The U.S. Department of Labor's Mine Safety and Health Administration on August 17 announced $542,400 in proposed penalties against Big Laurel Mining Corporation. The mining operation, located in Wise County, Va., was cited for five contributory violations in the August 2009 death of an electrician/repairman who was fatally injured when a portion of mine rib collapsed upon him. Two of the violations have been assessed as flagrant.
On Aug. 20, 2009, the 58-year-old miner with 33 years experience was preparing to set timbers in an entryway when a rock measuring 26 feet long, 2.5 feet wide and 5 feet high toppled, and struck and crushed him. One day earlier, a hazardous condition noting excessive (wide) entry width in the No. 4 Entry had been logged in the pre-shift book, but the operator failed to correct the condition and made no notations in the evening on-shift and pre-shift reports.
A combination of factors occurred prior to the accident. MSHA investigators determined that the mine operator 1) did not properly utilize a sightline or other directional control to maintain the projected direction of mining, 2) failed to follow the approved roof control plan, 3) failed to perform adequate pre-shift and on-shift examinations and 4) failed to adequately support the rib. The first two determinations were flagged as flagrant violations, which can carry fines up to $220,000 each.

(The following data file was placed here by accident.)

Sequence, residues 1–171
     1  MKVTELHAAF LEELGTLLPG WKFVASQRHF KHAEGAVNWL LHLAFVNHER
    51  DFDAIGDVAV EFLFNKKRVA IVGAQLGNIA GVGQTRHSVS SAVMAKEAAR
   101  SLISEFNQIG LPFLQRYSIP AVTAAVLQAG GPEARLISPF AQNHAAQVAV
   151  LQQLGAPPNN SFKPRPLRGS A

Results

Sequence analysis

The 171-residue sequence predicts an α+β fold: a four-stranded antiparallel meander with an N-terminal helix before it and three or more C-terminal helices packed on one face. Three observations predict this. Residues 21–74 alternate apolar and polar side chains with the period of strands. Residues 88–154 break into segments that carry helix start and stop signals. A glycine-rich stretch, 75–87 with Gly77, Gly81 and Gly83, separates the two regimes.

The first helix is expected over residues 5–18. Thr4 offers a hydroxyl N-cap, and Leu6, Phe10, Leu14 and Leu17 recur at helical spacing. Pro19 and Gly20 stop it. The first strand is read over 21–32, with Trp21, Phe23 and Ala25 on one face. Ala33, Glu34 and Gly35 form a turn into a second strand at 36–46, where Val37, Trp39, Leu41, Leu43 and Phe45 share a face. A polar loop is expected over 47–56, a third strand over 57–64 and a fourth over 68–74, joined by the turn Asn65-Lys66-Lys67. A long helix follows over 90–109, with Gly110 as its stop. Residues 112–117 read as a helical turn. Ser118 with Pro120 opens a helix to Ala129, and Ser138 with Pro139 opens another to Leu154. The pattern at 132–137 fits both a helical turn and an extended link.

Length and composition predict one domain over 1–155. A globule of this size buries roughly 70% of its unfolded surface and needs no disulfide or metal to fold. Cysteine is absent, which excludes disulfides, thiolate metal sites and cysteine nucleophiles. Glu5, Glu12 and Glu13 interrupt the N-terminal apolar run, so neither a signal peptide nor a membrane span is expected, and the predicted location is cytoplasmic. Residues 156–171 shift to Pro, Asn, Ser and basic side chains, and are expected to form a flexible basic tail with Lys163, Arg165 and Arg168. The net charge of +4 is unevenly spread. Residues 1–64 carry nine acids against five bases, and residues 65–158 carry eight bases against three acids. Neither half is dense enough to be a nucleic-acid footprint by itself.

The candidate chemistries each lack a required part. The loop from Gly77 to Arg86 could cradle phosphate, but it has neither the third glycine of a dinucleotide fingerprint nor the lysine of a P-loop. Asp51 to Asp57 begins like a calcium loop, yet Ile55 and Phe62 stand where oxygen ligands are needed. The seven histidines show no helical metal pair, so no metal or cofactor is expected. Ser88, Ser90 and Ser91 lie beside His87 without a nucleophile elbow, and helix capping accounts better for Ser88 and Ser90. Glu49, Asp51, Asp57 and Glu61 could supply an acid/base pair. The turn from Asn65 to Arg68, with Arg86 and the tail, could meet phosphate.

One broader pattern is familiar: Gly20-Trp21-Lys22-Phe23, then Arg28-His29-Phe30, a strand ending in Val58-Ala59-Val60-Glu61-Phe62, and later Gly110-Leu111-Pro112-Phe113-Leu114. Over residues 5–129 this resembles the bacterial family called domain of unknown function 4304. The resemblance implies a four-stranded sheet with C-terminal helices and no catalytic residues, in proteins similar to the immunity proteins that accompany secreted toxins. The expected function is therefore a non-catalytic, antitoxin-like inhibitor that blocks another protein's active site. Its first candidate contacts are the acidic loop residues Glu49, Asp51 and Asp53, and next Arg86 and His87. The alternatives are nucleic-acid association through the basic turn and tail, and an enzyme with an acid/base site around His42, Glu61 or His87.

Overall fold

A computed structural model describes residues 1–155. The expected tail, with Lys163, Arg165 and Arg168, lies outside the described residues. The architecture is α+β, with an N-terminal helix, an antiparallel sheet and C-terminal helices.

"The importance of pre-shift and on-shift examinations can never be overstated," said Joseph A. Main, assistant secretary of labor for mine safety and health. "Had the adverse conditions been detected and logged into the exam books properly, and had management overseen the detection and correction of those hazardous conditions, this tragedy could have been avoided."
The complaint was filed under section 105(c) of the Mine Act, a provision that prohibits a mine operator from retaliating against a miner for exercising protected rights, including making safety complaints. The purpose of the protection is to encourage miners "to play an active part in the enforcement of the Mine Act" recognizing that "if miners are to be encouraged to be active in matters of safety and health, they must be protected against any possible discrimination which they might suffer as a result of their participation."